Now I find myself constantly being that person. I don't know tacs for raids (other than what I barely remember from having done them 10+ years ago). I don't know what I need attunement for nor do I keep track of my rep on any of my characters (it doesn't help that I level everything simultaneously). Just the other week I joined a raid for Mount Hyjal only to find out I can't enter. I was mortified... My guild asked me if I wanted to join for their raids and I was almost embarrassed to say I hadn't signed for anything yet because I have no idea how Discord works. Fortunately they were kind enough to work me through it slowly and it's not that hard after all.

I have no idea what my BiS gear is and I only just downloaded an Addon that allows me to see what loot I could get from bosses (AtlasLoot) so that I can join in on that Reserve Loot thingy in Pugs. When the new patch was released and we suddenly only needed Honored to get into Heroics I had no idea until someone told me. Joining a Pug for Zul'Aman this week I quickly read some notes on raid tacs while I was making my way there so I wouldn't ruin the evening for everyone else (I think I did ok). I used to know these things way ahead and plan ahead, knowing exactly where I was going, what I was doing and what I needed. I used to be the person who explained these details to other people. Maybe it is karma then that I am receiving the same from others now.

Because now I log in and I don't have a clue. I feel like I have to ask about everything. I feel like I am constantly left behind, gear-wise. Everyone is going to fancy raids and have all the fancy gear with the fancy DPS. I am never the best in my groups.

This might sound horrible but it's actually all just pretty amusing. It's how I started out in WoW and somehow I've come full circle. I've seen what it is like on the hardcore side of things, doing the server first runs and discussing every fight with your fellow guildies. While I loved that part of WoW as well, I don't miss it. I enjoy this side of WoW just as much, for completely different reasons. I log in and I don't have a mission. I have nowhere I need to be and nothing special I need to do. It's whatever I have time for or brain power left in my head to do that evening. I don't have a purpose other than what I fancy for the evening and it's exactly the way I want it to be. 

Fortunately I feel like people have patience for my lack of knowledge, and hopefully my cheery demeanor can make up for some lacking gear. I still try to do my best of course. And best of all, I finally got to answer my question - now I know exactly why some people don't bring their A-game.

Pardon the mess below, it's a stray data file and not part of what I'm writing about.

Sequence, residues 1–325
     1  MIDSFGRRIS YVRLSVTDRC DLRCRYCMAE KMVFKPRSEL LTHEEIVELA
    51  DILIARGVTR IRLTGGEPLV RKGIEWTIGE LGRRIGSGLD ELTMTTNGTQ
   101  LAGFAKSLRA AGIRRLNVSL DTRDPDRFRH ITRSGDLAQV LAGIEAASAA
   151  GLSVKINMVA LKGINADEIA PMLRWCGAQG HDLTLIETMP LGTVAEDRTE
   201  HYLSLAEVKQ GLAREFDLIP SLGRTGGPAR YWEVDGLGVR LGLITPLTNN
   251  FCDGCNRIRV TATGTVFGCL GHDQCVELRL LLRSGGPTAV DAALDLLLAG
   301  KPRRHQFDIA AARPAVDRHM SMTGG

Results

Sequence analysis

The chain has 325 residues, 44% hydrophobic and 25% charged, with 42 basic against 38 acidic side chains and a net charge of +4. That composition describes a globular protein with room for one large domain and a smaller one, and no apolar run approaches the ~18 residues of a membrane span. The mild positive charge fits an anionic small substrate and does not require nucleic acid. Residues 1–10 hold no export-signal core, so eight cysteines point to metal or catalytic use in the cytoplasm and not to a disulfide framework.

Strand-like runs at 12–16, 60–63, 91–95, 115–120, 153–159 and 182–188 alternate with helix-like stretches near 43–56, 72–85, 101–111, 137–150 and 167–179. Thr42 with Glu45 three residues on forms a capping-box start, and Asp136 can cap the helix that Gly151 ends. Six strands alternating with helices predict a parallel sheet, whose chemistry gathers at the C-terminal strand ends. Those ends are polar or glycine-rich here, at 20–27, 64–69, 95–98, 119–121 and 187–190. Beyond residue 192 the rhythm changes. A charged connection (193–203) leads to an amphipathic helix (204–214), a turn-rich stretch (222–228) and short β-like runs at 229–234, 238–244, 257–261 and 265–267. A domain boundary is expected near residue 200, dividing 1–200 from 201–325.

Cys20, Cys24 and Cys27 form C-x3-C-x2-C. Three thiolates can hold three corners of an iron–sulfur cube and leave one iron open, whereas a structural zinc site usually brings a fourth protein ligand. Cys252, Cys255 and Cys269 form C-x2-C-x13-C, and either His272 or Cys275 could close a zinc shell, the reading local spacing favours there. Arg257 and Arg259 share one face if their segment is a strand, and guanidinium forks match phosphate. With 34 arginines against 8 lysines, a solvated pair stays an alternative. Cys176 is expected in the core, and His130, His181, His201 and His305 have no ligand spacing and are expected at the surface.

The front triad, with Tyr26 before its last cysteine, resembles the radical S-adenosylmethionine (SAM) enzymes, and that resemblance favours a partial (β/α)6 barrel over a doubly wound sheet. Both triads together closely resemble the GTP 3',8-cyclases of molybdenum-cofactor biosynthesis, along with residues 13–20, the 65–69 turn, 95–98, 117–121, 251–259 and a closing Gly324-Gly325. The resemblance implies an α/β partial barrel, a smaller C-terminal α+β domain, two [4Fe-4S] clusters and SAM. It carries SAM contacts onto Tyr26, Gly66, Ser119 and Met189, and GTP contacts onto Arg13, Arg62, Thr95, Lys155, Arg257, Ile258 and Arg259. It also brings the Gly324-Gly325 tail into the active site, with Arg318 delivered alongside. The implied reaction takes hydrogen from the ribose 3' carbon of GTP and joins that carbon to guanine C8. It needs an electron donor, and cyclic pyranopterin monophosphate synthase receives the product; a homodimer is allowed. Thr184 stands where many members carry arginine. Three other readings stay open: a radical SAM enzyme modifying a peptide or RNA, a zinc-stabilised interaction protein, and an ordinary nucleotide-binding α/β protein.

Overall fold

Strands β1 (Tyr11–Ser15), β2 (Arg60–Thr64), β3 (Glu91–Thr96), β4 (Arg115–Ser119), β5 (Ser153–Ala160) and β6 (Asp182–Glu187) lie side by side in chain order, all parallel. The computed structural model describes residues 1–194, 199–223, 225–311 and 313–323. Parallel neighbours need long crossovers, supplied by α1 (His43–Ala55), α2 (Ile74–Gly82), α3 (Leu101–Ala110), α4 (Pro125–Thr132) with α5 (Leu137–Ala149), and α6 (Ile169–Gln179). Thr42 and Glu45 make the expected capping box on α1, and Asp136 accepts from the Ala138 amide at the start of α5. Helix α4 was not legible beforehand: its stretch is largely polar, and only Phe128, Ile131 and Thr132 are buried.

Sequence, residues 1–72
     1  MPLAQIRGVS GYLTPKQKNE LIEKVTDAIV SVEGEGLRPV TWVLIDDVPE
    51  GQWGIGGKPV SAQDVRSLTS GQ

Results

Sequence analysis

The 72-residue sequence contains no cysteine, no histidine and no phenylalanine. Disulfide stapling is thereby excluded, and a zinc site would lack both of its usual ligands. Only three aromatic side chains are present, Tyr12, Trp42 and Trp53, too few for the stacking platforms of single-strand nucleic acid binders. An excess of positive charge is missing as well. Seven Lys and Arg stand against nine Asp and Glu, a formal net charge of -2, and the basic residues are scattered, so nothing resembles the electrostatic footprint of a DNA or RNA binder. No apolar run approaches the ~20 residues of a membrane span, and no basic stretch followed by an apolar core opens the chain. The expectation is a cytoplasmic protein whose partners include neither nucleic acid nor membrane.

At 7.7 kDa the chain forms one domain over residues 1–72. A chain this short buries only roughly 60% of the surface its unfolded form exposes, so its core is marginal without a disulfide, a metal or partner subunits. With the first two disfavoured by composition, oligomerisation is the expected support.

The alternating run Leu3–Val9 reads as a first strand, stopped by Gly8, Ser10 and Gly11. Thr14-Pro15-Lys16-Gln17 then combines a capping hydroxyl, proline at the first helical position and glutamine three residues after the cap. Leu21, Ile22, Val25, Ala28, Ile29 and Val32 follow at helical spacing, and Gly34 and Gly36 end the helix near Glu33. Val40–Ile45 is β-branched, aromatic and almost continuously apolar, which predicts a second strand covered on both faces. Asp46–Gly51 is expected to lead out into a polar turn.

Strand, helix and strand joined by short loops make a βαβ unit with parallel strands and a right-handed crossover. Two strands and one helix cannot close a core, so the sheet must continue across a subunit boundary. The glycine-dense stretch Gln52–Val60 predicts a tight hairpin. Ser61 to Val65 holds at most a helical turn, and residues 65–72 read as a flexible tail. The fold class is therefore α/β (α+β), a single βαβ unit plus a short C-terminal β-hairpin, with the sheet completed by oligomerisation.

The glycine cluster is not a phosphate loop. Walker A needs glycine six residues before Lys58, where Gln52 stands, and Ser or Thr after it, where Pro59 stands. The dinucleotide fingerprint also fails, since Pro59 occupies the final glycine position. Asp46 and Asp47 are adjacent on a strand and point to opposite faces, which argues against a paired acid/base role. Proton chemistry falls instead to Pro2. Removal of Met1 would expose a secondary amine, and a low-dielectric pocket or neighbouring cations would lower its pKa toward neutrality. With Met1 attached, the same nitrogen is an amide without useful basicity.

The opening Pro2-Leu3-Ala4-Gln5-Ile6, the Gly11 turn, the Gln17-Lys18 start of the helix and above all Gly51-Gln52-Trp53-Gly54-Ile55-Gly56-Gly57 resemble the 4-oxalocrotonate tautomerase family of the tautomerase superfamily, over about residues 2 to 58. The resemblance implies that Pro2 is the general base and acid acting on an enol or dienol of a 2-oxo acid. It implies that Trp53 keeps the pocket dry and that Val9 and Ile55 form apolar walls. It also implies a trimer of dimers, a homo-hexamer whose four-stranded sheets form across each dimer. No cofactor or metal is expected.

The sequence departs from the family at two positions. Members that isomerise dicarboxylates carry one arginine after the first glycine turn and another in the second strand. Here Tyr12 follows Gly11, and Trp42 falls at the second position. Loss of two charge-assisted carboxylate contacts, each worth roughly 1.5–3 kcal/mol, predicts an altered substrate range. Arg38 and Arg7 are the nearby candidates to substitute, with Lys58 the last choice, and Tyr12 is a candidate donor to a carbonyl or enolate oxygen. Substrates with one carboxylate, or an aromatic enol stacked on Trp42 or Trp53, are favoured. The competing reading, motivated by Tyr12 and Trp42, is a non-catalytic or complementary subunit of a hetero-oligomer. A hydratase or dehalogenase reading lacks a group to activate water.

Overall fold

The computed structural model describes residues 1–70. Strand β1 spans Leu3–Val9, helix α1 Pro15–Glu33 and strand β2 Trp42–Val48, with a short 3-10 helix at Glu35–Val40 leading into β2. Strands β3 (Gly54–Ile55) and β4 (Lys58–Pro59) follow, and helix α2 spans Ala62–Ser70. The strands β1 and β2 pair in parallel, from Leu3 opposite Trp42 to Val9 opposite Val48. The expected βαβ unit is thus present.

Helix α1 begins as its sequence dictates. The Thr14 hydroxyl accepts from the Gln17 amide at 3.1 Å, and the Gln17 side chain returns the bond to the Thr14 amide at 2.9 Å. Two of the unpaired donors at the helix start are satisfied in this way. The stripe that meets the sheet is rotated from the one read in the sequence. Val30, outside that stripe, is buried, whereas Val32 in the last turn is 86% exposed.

Thursday, March 31, 2022

Field Report #29 - I Apparently Never Made It Back

It's quite telling that for 9 months after I write about getting to Outlands in TBC Classic I don't post a single thing on my blog. WoW used to be an enormous source of inspiration for my writing for the longest time, back in the day. Now... it just drains my brain. 

I still play it now, and I've started to do some modest raiding with the guilds I am in. I still think it is so much fun, but I also feel that it takes up more time than I want to give it. Just like when I used to play it, I really wish I could play WoW and play other games. Back then I had the time for that, what with putting 8 hour sessions of gaming in on a day where I had nothing else planned, but for some reason I didn't. Now, with two little kids (and no one around us who can baby sit), there is just no way that is going to happen. I get my 2-3 hours in the evening and I need to maximize them. Something just has to go and for some reason writing has been one of those things even though I love writing. And often other things too. 

I recently played a few hours of Alone in the Dark: The New Nightmare, because me and the SO had really planned to do something together and finally got some hours on our own (we managed to get our kids on a play-date for an afternoon). I had a blast, that game was really fun! I made a big mistake early on though and missed out on the shotgun, and apparently there is no going back for it once you've missed it. So I decided to restart the game the next time I play it, and I'll get back to where I was easy enough. Only I know the next time I play it is going to be months from now, probably. Because at the end of the day when the kids are finally asleep my brain just shuts off and it can't make the decisions I want it to make. Play that other game, do that other thing. 

It's not that I play WoW even though I don't feel like it or that I am not having fun in the game. The problem with WoW has probably always been that it's just too much fun and too easy to get in to. There is always something to do, some character to advance or fix something on. The level of satisfying feeling of accomplishment is sky-high in that game. Addictive? Yeah I can see why people think that. 

Alone in the Dark for PS1 took a lot of ideas from RE.

I've been thinking about cancelling my on-going subscription and just take a month here and there instead. A month where I play mostly WoW, and a few months in-between where I play something from my backlog of a quadrillion games that will probably never see the light of day. But I don't want to be part of the reason Blizzard eventually pulls the plug on TBC Classic, or maybe part of the statistic that doesn't make Wrath of the Lich King Classic come to life. I am hype about a possible Wotlk Classic!

I am scared I will lose this all again. Why can't WoW just be there for me forever when I need it, so that I don't feel compelled to play it while I can because I am constantly worried it won't be some day. Again.

Luxurious problems to have in the world we live in, I know. And that thought gives me the clarity I need to not worry so much about it after all.